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Xinhua Insight: Climate change: risks and opportunities

by Xinhua writer Hu Tao

BEIJING, April 3 (Xinhua) -- Every part of the world is feeling the impact of climate change, according to Kalee Kreider, a special adviser for climate science at the United Nations Foundation.

"No country is immune," said Kreider, who is also spokeswoman for former U.S. Vice President Al Gore, at a forum on Wednesday in Beijing.

The forum was part of a three-day promotional activity publicizing the Intergovernmental Panel on Climate Change (IPCC) Fifth Assessment Report.

Titled Climate Change 2014: Impacts, Adaption and Vulnerability, the document was released on Monday in Yokohama, Japan.

The report focuses on the impact of climate change to date, future risks, and opportunities to reduce risks. "The opportunities are tremendous," said Kreider.

NOT ALL BAD

At the launch of the report on Monday, Christopher B. Field, co-chair of the IPCC, said although the report focuses on challenges, it also looks at opportunities.

This can ultimately help build a better world, Field said.

Last year, the IPCC's report revealed that it was 95 percent certain that human action alone was responsible for rising global temperatures since the mid-20th century.

The IPCC is the leading international body for climate change assessment and seeks to provide a "clear scientific view on the current state of knowledge in climate change and its potential environmental and socio-economic impacts," according to official statements.

"Reducing risks is an opportunity, but the world needs to take action," said Dr. Wang Ke, executive director of program of energy and climate economics at the Renmin University of China.

Wang admitted China is under pressure to take concrete measures in tackling climate change.

On Wednesday, central China's Hubei Province launched a carbon trading scheme, the country's sixth. Under the program, those which emit below their quotas of carbon emission can sell the excess to other enterprises or even to investors for profit.

The scheme is a big step for China in building a nationwide carbon market, with an expectation of 40 to 45 percent reductions of 2005's emissions slated for 2020.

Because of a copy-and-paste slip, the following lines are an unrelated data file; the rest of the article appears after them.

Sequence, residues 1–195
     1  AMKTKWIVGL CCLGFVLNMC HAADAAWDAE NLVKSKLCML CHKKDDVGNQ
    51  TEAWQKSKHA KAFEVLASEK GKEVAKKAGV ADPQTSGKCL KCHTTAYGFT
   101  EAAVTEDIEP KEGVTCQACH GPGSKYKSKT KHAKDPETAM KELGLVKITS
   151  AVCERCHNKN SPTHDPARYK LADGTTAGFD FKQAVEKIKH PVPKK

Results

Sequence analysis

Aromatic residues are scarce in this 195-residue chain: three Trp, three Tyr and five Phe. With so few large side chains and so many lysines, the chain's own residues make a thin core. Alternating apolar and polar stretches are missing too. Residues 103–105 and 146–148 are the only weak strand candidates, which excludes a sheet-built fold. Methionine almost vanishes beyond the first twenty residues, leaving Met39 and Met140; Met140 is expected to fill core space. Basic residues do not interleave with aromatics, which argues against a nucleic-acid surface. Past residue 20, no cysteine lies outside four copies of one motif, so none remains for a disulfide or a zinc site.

China is predicted to become the world's second-largest carbon emission trading market, covering 700 million tonnes of carbon emissions.

NEW STARTING POINT

China's development began far later than many Western countries, but when it comes to climate change technology, nations are at the same starting point, Kreider said.

She said new types of power plants, clean energy providing facilities, and developments in carbon capture and storage (CCS) technology were all needed.

This was Kreider's fourth trip to Beijing in the past eight years.

The "most impressive change" in the country for her has been the increasing awareness of climate change in government, research, market and among the public.

China has initiated pilot low-carbon programs, with industrial parks and communities across the country, according to the National Development and Reform Commission (NDRC), the nation's top economic planner.

To hit polluting industries hard, China has also been considering a carbon tax.

In mid-March, China revealed a blueprint of a new-type of urbanization to prop up the economy with massive building projects of transportation networks and infrastructure expected from now on to 2020.

Kreider said this provides the country with an opportunity to become more efficient. She said if policy making and the financial sector are well built then China can expect "healthy growth."

The United Nations Foundation, which is a public charity, is a platform for connecting people, ideas, and resources to help the UN resolve global problems.

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